Notes & Essays

An essay from a father: The Parenthood

Peejo Pilar on adoption, and slaying dragons.

“Why yes, Your Highness.”

That’s what the village full of unbelievably attractive women answer when I ask them if this was the task that needed to be accomplished. I had just slayed a really big dragon. No sweat for a knight/paladin/warrior king. My dexterity and strength are OP and I always roll a 20.

As the damsels in distress approach me with open arms, I begin to hear a faint sound, slowly building up to a shrill cry. Suddenly I notice that the piercing noise is emanating from each of the maidens’ mouths, and in a split second, I’m awake lying on my bed.

I turn my head to the right and see my two-year-old son, Z, standing inside his crib, wailing for his bottle of milk. “Wow. It’s morning already?” I mumble to myself as my brain struggles to enumerate all the baby duties I need to do before heading to work.

As I look straight at the ceiling to sigh, I instead see comedian Michael McIntyre twiddling his fat fingers and nodding his head, squatting above me like a bangungot screaming, “I told you so! Get up! Get up!” Wow, that was one vivid dream.

After trying numerous times to conceive, and failing, we decided to try adopting. This, in itself, was a quest worthy of a knight/king.

I’m not trying to scare you. If you want to have kids, that’s great. If you don’t, that’s perfectly fine too. For me and my wife, becoming a parent was always on our list of life to-dos. We just never realized how difficult it was going to be. After trying numerous times to conceive, and failing, we decided to try adopting.


This, in itself, was a quest worthy of a knight/king. It was a bit of an educational adventure. The Department of Social Welfare and Development (DSWD) is very helpful, and you can’t help but sympathize with the struggles they face in a country that has a society that frowns upon adoption and adopted children. We’ve seen it in movies, TV shows, and in tasteless jokes. “Si Cassandra ang kontrabida. Isa siyang ampon na galing sa blah-blah-blah” is what we so often see on those telenovelas or movies. It’s a stigma that the DSWD continues to fight against. There are thousands of kids waiting for somebody to love them. They’re in orphanages and in foster homes. It’s not their fault that they became orphans.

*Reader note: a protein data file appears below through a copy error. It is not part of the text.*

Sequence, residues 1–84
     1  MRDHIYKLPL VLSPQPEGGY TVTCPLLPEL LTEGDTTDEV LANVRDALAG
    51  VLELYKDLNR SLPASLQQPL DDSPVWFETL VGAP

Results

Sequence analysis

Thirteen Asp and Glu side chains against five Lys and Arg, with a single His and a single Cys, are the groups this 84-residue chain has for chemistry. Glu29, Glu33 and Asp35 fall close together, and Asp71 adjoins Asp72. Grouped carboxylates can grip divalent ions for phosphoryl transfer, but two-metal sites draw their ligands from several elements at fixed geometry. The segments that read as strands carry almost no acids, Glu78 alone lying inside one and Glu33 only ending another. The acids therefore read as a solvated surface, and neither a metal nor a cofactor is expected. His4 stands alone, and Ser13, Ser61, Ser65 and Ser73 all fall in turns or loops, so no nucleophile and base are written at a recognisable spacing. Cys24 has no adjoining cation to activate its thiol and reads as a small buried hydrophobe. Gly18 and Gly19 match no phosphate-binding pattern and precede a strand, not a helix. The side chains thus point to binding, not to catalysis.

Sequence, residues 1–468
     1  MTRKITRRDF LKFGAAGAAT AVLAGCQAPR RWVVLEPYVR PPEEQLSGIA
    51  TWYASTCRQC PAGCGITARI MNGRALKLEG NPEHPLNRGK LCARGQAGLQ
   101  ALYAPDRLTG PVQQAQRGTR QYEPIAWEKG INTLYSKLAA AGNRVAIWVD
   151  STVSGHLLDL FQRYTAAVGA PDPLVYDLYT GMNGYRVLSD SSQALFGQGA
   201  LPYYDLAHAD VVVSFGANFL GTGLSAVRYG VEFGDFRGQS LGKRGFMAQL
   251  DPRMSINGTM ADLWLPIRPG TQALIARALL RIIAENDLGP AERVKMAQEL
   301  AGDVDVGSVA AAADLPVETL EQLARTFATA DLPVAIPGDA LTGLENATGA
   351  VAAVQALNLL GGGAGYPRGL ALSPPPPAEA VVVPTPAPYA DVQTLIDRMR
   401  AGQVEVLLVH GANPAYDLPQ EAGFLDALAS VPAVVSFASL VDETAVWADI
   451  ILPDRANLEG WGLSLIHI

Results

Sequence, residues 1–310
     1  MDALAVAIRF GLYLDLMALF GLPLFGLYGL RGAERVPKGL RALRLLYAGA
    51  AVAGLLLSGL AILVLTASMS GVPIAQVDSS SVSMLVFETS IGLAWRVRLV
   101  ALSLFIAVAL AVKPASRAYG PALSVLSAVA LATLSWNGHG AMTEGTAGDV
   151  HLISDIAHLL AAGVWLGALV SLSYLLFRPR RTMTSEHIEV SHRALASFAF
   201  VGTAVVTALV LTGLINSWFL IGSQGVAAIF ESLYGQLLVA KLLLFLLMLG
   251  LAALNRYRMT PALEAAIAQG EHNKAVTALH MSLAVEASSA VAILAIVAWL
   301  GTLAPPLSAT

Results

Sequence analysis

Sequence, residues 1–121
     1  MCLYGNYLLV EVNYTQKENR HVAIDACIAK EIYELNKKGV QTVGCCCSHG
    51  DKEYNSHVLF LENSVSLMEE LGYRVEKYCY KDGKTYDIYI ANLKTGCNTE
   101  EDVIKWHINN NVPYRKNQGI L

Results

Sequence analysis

But with adoption, a little bit of patience is required, as the social worker assigned to you presents you with paperwork, requirements, and the toughest part: the selection process. This could take months depending on the details and requirements you submit. Luckily, for us it was three weeks. I remember when my wife told me that the DSWD had found a match for us, and that the files were ready to view. She was out of town, so I grabbed a cab and headed to their office.

As I got out of the taxi, my heart was pounding harder and harder. My hand was so cold as I gripped the doorknob. The DSWD officers led me to a corner of the office to review the Lifebook-a file they’ve made on the child that they’ve matched you with. It includes his or her background, medical history, photos, and everything else you might need to know. As soon as I opened Z’s Lifebook, I saw the very first photograph of him: sitting on the floor with his chubby legs, his beautiful eyes staring into the camera lens with so much longing. I couldn’t help myself and gave in to my emotions. I was so happy, I cried.

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It’s been almost a year since then, and we’ve gone through countless dirty diapers, ounces of milk, injections, and checkups with the pediatrician. We’ve watched and screamed in terror as Z stuck his finger into an electric fan, licked every surface in the house, and decided that he is indestructible and a sofa luchador.

Every time my son looks at us, and smiles with that impossibly adorable grin-that’s when I know that it’s all worth it.

But it’s also been a year of looking at him in every adorable situation, the little baby speeches he gives at the doorway, every time he looks for “mommy,” those energetic dancing moves to Hi-5, every chubby step, and every cheek-to-cheek press. These are the moments that make you realize that you are indeed his father. That the two of you are his parents.

This has been an arduous road of discovery for me and my wife. Obviously when Z acts up and bawls his lungs out, it can be a true test of patience as you figure out what’s wrong, and work to appease him. Taking care of a child is a true test that’ll bond husband and wife. But if you weather the storm, that bond gets even stronger. You just have to keep helping each other. (Quick tip for husbands: Don’t wait for your wife to ask for help. If you see a situation, jump into it, and take control. I know it’s not that easy. But you’ll get the hang of it. Always remember, you and your wife are a team.)

Even today, just leaving the apartment to go to the park still feels like a bug-out plan during a zombie apocalypse. Taking care of a child is hard. Let’s not sugarcoat it, it is hella hard. But every time my son looks at us, and smiles with that impossibly adorable grin-that’s when I know that it’s all worth it.


This article originally appeared in our June 2016 issue. Peejo Pilar has been learning how to be a dad to Z, two years old, for about more than a year now.

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